Category Archives: photographing people

Red and Green, Central Cuba

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In Camagüey, eastern Cuba, they were ‘puttin’ on the ritz’ with fresh coats of paint on a lot of buildings when I was last there. The town, like Trinidad, is a UNESCO world site, and boasts a strong collection of classic Spanish colonial, art deco, neo-colonial, and neoclassical architecture, and like Trinidad, is a historic village for sugar cane production nearby.

As I wandered by this man, I noticed his brilliant red ball cap against the green walls, a harmonious color contrast. That was exciting, and when I realized he was painting, and the light was nice and strong sidelight, I thought this had potential.  I watch for a minute or two, and when he leaned out to paint, I captured the photo just before the roller made contact.

When I wander the streets of any place, be it Cuba or Florence, Italy, I’m looking for stories – and gestures that help to tell the story. In this image, the guy is clearly on  ladder to do some work, but the paint roller is the feature that tells what he’s doing up there, along with the swaths of different paint coats.

Enjoy, and thanks for visiting!

 

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The beauty of Age

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We are having a great time on the photo tour in Morocco. Yesterday, we were driving from Fes to Midelt, and we stopped to walk around a Berber village that is not a traditional tourist stop, which we prefer whenever possible. The Berber people are friendly, and many of them accepted our requests to photograph them. In fact,  I was invited in to see the house of one young woman, who’s mother then wanted to bring me tea and food, a traditional welcoming gesture. It was all around a very pleasant experience for us, and a break from some of the other areas where photographing people is a definite challenge and many photos have to be ‘sneaked’ similar to Cartier Bresson’s method.

 

This beautiful woman was wearing my favorite colors, and the bounce light from the light-colored dirt just behind me made her face glow with warmth. She doesn’t have the traditional Berber tattoo, but I couldn’t ask why since I don’t speak the language! Nonetheless, she was beautiful, her face telling the passage of time with her eyes telling it was a happy life.

We’re on our way to the desert and sand dunes today.

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Even the Pigs Pose in Cuba

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It’s true. Everyone seems to want to be in the photographs we make when we’re in Cuba. Even the pigs. Perhaps they are just as curious about us as we are of them. Just like many of the people. And how long will that last? No one knows, for sure. But if we, as photographers, behave, and photograph everyone and everything with respect, it will last longer than if we just point and shoot and move on. If we can have a dialogue with the people, the true people-to-people exchange that Obama set in motion a while ago, it will help. You might have to do it through your guide/interpreter, if you don’t speak Spanish. But don’t let that deter you.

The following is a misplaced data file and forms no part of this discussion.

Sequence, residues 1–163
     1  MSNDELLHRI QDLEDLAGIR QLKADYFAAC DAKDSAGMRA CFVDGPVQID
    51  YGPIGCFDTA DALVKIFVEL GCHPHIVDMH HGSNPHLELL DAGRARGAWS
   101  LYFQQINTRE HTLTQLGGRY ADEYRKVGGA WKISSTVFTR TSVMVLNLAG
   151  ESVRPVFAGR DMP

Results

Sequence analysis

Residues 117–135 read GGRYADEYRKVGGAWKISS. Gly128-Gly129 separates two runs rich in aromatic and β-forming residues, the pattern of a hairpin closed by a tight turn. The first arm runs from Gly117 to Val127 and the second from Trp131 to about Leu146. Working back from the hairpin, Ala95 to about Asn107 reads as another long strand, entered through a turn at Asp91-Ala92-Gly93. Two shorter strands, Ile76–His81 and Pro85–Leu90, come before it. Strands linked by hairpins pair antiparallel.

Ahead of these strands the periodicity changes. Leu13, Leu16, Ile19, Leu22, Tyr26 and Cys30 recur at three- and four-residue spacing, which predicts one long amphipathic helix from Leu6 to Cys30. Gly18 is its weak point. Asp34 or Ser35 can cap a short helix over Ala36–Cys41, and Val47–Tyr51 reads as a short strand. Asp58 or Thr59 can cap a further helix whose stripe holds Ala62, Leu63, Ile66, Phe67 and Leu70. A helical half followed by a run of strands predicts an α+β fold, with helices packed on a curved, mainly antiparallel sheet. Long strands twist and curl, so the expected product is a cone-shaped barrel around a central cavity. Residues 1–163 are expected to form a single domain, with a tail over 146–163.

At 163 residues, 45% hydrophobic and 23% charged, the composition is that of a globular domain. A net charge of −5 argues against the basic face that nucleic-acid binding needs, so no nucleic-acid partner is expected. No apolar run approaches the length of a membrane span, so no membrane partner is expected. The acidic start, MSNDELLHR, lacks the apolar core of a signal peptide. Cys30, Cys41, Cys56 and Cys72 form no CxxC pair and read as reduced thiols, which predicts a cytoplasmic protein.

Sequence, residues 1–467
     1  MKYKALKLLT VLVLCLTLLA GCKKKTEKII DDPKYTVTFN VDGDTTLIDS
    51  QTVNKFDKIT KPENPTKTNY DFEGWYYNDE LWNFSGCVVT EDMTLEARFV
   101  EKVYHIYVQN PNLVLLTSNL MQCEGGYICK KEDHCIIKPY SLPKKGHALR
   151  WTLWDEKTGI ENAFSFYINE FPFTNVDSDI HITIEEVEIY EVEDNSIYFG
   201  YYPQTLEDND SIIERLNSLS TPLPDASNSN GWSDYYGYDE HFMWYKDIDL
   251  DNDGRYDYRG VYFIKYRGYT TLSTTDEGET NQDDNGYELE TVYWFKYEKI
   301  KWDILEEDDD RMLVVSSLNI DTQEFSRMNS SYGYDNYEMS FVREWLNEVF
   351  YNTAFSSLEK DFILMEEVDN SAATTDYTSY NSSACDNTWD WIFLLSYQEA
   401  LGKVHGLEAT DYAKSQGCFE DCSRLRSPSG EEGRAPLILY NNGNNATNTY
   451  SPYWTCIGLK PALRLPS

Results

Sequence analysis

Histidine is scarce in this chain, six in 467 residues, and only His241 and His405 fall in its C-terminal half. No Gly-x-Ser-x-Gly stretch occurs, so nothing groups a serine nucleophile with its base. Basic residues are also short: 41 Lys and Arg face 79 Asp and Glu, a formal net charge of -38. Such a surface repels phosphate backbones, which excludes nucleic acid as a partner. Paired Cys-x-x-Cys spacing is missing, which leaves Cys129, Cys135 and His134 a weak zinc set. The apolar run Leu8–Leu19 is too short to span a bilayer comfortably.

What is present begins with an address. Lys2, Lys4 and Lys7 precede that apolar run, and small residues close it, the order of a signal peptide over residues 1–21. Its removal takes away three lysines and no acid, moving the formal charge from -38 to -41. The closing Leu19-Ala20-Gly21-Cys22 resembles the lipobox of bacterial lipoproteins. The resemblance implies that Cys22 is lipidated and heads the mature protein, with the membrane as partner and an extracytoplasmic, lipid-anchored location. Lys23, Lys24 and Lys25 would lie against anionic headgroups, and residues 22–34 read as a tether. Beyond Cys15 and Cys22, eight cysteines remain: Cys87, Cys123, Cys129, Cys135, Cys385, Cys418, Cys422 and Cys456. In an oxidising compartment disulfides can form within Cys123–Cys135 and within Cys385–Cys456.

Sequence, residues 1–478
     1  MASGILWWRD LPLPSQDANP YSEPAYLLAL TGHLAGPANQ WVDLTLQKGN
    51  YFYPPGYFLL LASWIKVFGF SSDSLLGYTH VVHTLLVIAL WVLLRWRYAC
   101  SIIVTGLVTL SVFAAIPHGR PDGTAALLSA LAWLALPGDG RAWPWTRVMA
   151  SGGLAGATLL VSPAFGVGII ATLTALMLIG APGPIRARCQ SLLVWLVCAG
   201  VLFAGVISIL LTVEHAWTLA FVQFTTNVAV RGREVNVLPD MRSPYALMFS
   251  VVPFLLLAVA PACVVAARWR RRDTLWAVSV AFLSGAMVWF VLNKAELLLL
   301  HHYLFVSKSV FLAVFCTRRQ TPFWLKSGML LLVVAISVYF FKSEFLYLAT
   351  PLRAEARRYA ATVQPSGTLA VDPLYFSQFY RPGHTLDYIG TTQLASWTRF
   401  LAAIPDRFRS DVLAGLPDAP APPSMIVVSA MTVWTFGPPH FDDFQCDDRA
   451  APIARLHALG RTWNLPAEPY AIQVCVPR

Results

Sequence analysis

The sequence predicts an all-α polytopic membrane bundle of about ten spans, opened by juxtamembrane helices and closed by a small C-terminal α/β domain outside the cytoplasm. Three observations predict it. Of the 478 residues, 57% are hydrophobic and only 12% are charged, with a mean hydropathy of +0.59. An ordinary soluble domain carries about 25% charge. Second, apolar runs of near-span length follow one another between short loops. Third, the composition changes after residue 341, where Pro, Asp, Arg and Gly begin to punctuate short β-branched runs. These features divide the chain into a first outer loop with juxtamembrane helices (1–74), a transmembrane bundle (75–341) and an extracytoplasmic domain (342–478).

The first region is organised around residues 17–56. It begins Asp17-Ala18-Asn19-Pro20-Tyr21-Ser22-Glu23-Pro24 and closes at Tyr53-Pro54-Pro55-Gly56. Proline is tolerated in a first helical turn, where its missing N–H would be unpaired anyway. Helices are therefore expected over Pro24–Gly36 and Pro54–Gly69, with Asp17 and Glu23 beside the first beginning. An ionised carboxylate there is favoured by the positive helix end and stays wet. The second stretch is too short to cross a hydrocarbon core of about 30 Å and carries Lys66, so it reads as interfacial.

This farm is a Unesco heritage farm site. We visited on my first trip to Cuba, and subsequent trips thereafter. I have photographed Juana Gamacho, Francisco, their dogs, and now their pig! They welcome us each time, and we come bearing useful gifts – things like sewing kits, pens, batteries, first aid supplies, etc. Maybe that’s why they keep welcoming us, but it’s a win-win. They are truly willing to be photographed and they offer us coffee every time we come.

No matter where you travel, the experience is often made better by the connection you create when you are photographing the people or their homes/farms. We take a genuine interest in how they live; we ask what things are used for; we tell them (and mean it) how special their country is, and how glad we are to be there. We ask them how their crops are doing or did last season. I’m convinced all of that matters, I’ve seen it in the reactions we get on the faces of the people we photograph. Even the pigs smile.

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Himba Culture, Namibia

 

 

We visited two Himba villages on our Namibia Photo Tour. Villages that are not visited by groups very much. We met the Chief in this village, and then were welcomed in to walk around and observe daily life as lived by the Himba. It’s a really interesting experience. It was a very dusty day, so the light was soft and warm as it fell on the women and children; adding that to their ochre-coated bodies, and combined with the sepia and burnt umber tint to most of their clothing, they were a study in earth tones! I’m still working through my pictures from the visit, but when I came across this one I had to post it. With all those fancy hair extensions on the mother, the poor child doesn’t have much room for its head/face when hung on the back of its mother. When it peered out at me, I had the moment I was looking for.

Visits to these villages are a special experience. The people are wonderful – we can’t speak each others’ language, but they know why we are there through our interpreter. We learn how they live, we photograph them doing their daily routines, and we take gifts of flour, corn, coffee, and other things that they need as a thank you for our visit.

We are in the process of setting up next year’s tour. Stay tuned for more information!

 

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